Edinburgh is the capital of Scotland known for its reputation for its rich history of the royals, greenness and one of the most haunted places. The majority of the bridges in the city goes over land rather than water and sometimes could be confusing navigating place to place without a map. The city is divided on Princes Street between the old and new towns with the division in its architecture. From the top of Castlerock by the Edinburgh Castle to the end of the Royal Mile at the Palace of Holyroodhouse are the oldest buildings and narrow streets dated with medieval architecture and street design that makes up Old Town. The new town buildings are shorter Georgian style townhouses and where the shopping district of Edinburgh is located with commercial retail stores such as H&M, Top Shop and Primark.
Here are some highlights of what you can do in Edinburgh:
1- The Royal Mile, Edinburgh Castle, Palace of Holyroodhouse, the Royal Yacht Britannia & Bus Tours
If you like to indulge on the history of the royals, you may want to visit the Edinburgh Castle, Palace of Holyroodhouse and the Royal Yacht Britannia. In a previous post I had given a description of Edinburgh Castle and the Palace of Holyroodhouse along the Royal Mile (Click on the link for The Locals Know Best: Edinburgh for information of these two places).
The Royal Yacht Britannia served for the royal family over forty-four years for royal honeymoons, family holidays (vacations), state visits and official receptions. It also had a dual purpose of being a hospital ship, if needed. The royal yacht was decommissioned in 1997 and now is one of the great attractions in Edinburgh. The Britannia offers audio self-guided tours among sections of the famous yacht from the rooms of the royals and the ship’s crew.
You can even dine in the Royal Deck Tea Room as a small break from your day of exploring Edinburgh. The Royal Deck Tea Room offers an array of options of small meals from soups to salads, sandwiches and baked goods. I would recommend ordering a pot of tea (£3.00) and their Britannia special (£12.50). The Britannia special includes a choice of soup and sandwich served with homemade potato wedges sprinkled with smoked paprika and garlic mayonnaise. I decided to try the cream of Cullen skink soup and the Scottish oak smoked salmon sandwich. The cream of Cullen skink soup was creamy, smooth with a full flavor of the smoked haddock and a hint of the potato and leek. It was seasoned with pepper and salt then topped with chopped chives. The consistency of the soup was about right in thickness. The Scottish smoked salmon sandwich was light in flavor and fresh tasting. It was served with a hearty whole wheat bread with a creamy black pepper cream cheese that had a hint of lemon. The sandwich was topped with bitter microgreens to balance the meal. The potato wedges were cooked perfectly with a crispy outside, a soft inside and smokiness from the paprika. The garlic mayonnaise gave a tanginess and balance to the fried potato wedge.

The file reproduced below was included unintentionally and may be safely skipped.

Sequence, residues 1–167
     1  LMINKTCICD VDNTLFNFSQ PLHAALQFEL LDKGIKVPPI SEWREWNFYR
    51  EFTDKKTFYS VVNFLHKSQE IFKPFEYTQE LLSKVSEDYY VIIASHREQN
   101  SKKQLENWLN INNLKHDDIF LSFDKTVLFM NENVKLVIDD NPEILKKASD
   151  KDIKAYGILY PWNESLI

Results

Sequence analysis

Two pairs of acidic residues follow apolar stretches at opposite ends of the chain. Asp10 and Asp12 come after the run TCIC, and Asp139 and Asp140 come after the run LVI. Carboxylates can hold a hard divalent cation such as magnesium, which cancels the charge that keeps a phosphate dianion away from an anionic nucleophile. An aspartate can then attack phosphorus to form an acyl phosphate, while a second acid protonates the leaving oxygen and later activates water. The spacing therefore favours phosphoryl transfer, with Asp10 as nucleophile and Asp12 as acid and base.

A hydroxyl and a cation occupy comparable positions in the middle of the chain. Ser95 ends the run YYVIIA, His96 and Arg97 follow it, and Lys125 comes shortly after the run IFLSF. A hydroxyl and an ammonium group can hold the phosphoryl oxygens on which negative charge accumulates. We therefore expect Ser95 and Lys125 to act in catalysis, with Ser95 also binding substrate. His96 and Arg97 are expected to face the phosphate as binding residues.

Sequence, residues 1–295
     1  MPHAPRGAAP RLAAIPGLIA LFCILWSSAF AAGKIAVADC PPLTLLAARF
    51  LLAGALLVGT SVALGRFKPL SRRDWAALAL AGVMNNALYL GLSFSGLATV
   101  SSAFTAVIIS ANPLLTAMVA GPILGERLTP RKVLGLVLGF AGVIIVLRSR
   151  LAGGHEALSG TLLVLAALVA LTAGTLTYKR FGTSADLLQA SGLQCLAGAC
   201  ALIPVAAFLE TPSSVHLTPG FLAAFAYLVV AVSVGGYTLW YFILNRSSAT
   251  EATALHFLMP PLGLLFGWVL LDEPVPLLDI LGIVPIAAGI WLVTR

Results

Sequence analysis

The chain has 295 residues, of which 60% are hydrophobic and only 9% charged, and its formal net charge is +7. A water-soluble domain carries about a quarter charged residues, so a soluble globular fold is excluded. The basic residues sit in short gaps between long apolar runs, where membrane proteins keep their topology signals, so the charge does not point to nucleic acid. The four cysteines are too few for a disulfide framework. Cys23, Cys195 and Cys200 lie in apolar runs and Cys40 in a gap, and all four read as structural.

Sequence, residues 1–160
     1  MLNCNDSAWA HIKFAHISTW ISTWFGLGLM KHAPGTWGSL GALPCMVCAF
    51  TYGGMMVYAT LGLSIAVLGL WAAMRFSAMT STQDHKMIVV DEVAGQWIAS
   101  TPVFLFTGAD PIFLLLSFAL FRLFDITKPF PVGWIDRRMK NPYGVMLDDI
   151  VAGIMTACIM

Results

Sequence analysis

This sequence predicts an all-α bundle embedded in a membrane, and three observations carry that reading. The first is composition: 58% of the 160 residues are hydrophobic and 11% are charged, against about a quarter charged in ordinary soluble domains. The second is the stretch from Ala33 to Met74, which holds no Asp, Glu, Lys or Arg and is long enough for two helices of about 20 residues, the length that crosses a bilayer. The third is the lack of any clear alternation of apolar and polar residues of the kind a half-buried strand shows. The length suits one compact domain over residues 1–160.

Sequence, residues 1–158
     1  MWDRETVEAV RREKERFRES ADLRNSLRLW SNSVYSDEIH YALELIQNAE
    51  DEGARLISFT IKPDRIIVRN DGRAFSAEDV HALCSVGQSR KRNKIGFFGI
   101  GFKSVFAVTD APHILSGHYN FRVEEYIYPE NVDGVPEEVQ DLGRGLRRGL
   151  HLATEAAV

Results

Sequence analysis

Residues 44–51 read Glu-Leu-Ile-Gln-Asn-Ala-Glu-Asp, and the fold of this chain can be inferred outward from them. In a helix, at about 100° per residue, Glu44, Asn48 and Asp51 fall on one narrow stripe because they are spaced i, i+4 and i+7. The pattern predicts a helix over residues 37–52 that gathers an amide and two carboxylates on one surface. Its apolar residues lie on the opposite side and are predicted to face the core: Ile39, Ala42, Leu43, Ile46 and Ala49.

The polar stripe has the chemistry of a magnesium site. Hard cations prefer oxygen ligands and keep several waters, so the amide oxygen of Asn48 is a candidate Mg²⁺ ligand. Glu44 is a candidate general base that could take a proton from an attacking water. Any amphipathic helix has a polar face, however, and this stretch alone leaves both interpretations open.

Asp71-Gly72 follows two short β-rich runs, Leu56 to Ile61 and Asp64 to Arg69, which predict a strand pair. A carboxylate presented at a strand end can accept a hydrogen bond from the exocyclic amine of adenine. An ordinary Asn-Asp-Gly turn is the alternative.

Using the bus tours are the best way to discover Edinburgh’s history and culture from local tour guides. The ticket you purchase will be good for any of the five tour buses that start at Waverly Bridge. The buses are either equipped with an audio recording or with a guide. I prefer the live guided tours since each guide puts a little personality in the tours. Each bus takes different routes throughout Edinburgh with stops by popular attractions. Some of these attractions are difficult to reach without transportation and therefore makes the tour bus a great option to do. Feel free to hop off at any of the stops since the buses run on a hop on and hop off system. You can purchase the Royal Edinburgh Ticket at the Edinburgh Information Centre by the Princes Street Mall or at the ticket booth by the start of the bus tours on the corner of Prince Street and Waverly Bridge.
The Royal Edinburgh Ticket (£48, SAVE £14): If you planning to visit all three attractions and go for the bus tours around Edinburgh, the best way to save is to purchase the Royal Edinburgh Ticket. It gives you 48 hours access to any of the five tour buses and admission tickets to the three royal attractions that can be used at any time.
Holyrood Park is a great way to explore the greenness of Scotland if you do not have a car to travel outside of the city of Edinburgh. Also mentioned in a previous post (The Locals Know Best: Edinburgh), Holyrood Park sits adjacent to the Palace of Holyroodhouse. The alias name of the park changes depending on the gender of the reigning monarch. Currently the alias name is the Queen’s Park since Queen Elizabeth II is the current reigning monarch. If the next ruling monarch is a male, the park will then be called the King’s Park. You can get some daily exercise exploring the hills, lochs, ridges, cliffs and glens among the park. Often you will see locals hike or do their daily run from day to day. The main attraction here is Arthur’s Seat which resides at the very top of the park and is the highest point in Edinburgh (250.5 meters above the city).
3-The Scott Monument
On the corner of the East Princes Street Gardens by Waverly Bridge is the tall standing structure known as the Scott Monument. The structure is a monument dedicated to the famous Scottish and Edinburgh-born writer, Sir Walter Scott. George Meikle Kemp designed the monument that dawns a Victorian Gothic style to its structure. At the base of the monument is a marble figure of Sir Walter Scott and Maida, his dog. The monument has a climb of 287 steps to the top and four levels that you can view over the city of Edinburgh among Prince Street.